Merry Christmas! FOX has Stolen Your Photo!

Merry Christmas! FOX has Stolen Your Photo!

“Mommy-blogger” Tracey Gaughran-Perez received an early holiday gift from FOX during an NFL game when they stole a photo she had taken of her little pug, Truman, and photoshopped a santa hat on him.

Transformative? Derivative? Potentially harmful to her economic potential?

Law Geek raised legitimate points regarding “fair use” in his Lane Hartwell entry, but he also points out that fair use aside, there is an issue of ethics. I don’t have high hopes for FOX to trailblaze an ethical path, but seriously, when they are getting massive advertising dollars for running their NFL broadcasts, the photo is most certainly being used for commercial purposes, therefore Tracey should be compensated. Chances that she will be? 0% Chances that the image is registered with the US Copyright Office? -4%. (I hope I’m wrong).

The issue of ethics does become increasingly important as we look at the issue of “infringement” because litigation alone won’t create the disincentive for people to stop misappropriating photos. And even if everyone registered their photos with the US Copyright Office, there would be too many infractions to realistically prosecute. So we need an attitude change.

When I was in college, I got an earful about plagiarism and photocopying copyrighted works from the school. The local copyshops wouldn’t allow you to xerox more than a few pages because they got the message that it wasn’t in anyone’s economic interest (except the student) to illegally duplicate copyrighted materials. But for whatever reason, we haven’t adopted the same attitude towards music and photos. Technological solutions can make it easier for consumers to legally procure copyrighted materials (think iTunes), but it’s not a panacea. We have to accept as a society that creative works are entitled to protections, and that we shouldn’t arbitrarily rip them off from others.

I’ve heard the argument that if we don’t compensate artists, that we will end up with a sea of mediocre art because no one will be able to afford being an artist. I don’t buy that argument because art will be created as an extension of self, and people with create amazing art whether they are compensated or not. However, a cultured society’s existence isn’t predicated on legality alone. Ethics and morality do play a part in shaping and preserving a community, and therefore we have to continue to push for an ethical approach to “sharing” art.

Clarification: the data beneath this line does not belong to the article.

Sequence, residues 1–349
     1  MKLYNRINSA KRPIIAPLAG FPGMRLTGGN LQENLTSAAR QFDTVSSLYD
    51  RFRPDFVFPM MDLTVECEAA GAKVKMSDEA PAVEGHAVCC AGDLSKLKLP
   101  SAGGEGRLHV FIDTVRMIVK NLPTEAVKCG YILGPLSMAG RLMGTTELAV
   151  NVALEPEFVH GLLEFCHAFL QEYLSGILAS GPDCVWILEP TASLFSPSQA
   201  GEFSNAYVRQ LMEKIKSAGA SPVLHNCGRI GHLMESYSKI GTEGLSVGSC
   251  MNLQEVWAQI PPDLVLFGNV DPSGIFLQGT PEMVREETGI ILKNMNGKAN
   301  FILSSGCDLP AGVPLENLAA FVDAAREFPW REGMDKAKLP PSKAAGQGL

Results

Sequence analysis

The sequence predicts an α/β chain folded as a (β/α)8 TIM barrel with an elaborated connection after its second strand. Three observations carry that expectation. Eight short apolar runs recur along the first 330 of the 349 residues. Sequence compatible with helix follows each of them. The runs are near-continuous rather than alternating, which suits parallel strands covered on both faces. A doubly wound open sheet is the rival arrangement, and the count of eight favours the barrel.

Update: David Pogue wrote about The Generational Divide in Copyright Morality. Interesting, but not surprising. But college students generally don’t have a care in the world (relatively speaking). Minds change when they are in the “real world.”

Stepping off the soap box….

A Photo Editor Outs Himself

The highly entertaining aphotoeditor has revealed his identity. If you haven’t had an opportunity to read his blog, check out some of his “tell it like it is” attitude that won over so many fans over the past few months.

http://aphotoeditor.com/2007/12/26/rob-haggart-is-a-photo-editor/

Christmas Movie Marathon

I completed my 4th, not so annual, Christmas movie marathon — The 4th in 11 years. The movie list?

1. Alien vs. Predator — Requiem (terrible)
2. I am Legend. Incredible NY-city effects. Do it.
3. Walk Hard. Funny. Very funny. I’m surprised it hasn’t done better at the box office, but I’m sure it’ll kick it on DVD, and a cult favorite.
4. The Diving Bell and the Butterfly. This little french gem is about former French Elle editor, Jean-Dominique Bauby who suffered a stroke and ended up with “Locked-In Syndrome” which rendered him a quadriplegic. Nevertheless, he ended up writing a book by “blinking” each letter of every word.
5. Juno. Really phenomenal acting, and funny. Not “Walk Hard” funny, but still very enjoyable.

Next Post:
Previous Post:
This article was written by

Allen Murabayashi is the Chairman and co-founder of PhotoShelter.

Leave a Reply

Your email address will not be published. Required fields are marked *